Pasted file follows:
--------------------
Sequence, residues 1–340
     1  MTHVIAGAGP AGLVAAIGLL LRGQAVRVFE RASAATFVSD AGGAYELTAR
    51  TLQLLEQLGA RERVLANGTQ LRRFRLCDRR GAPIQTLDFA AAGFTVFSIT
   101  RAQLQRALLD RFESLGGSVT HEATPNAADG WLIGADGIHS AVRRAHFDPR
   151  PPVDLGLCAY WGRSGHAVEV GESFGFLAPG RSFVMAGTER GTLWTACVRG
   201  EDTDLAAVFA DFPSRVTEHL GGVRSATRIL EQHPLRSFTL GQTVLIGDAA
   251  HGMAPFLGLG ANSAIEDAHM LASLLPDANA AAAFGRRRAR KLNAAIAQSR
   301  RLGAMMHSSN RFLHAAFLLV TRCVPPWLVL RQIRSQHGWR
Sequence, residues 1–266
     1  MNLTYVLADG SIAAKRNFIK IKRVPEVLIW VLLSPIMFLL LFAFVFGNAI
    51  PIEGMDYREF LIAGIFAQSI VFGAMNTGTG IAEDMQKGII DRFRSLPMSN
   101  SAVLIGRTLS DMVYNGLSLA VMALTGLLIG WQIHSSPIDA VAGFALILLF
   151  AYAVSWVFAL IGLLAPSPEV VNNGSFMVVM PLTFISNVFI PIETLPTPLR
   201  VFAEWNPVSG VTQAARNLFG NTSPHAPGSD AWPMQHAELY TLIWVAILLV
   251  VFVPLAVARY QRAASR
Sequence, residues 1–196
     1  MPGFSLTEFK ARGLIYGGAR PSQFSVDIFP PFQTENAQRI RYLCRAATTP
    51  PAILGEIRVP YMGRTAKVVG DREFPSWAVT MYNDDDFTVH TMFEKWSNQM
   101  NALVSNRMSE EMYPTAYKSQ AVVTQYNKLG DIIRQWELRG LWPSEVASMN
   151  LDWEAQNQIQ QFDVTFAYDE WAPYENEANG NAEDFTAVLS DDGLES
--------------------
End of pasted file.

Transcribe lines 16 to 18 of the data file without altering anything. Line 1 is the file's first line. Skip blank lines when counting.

Sequence, residues 1–196
     1  MPGFSLTEFK ARGLIYGGAR PSQFSVDIFP PFQTENAQRI RYLCRAATTP
    51  PAILGEIRVP YMGRTAKVVG DREFPSWAVT MYNDDDFTVH TMFEKWSNQM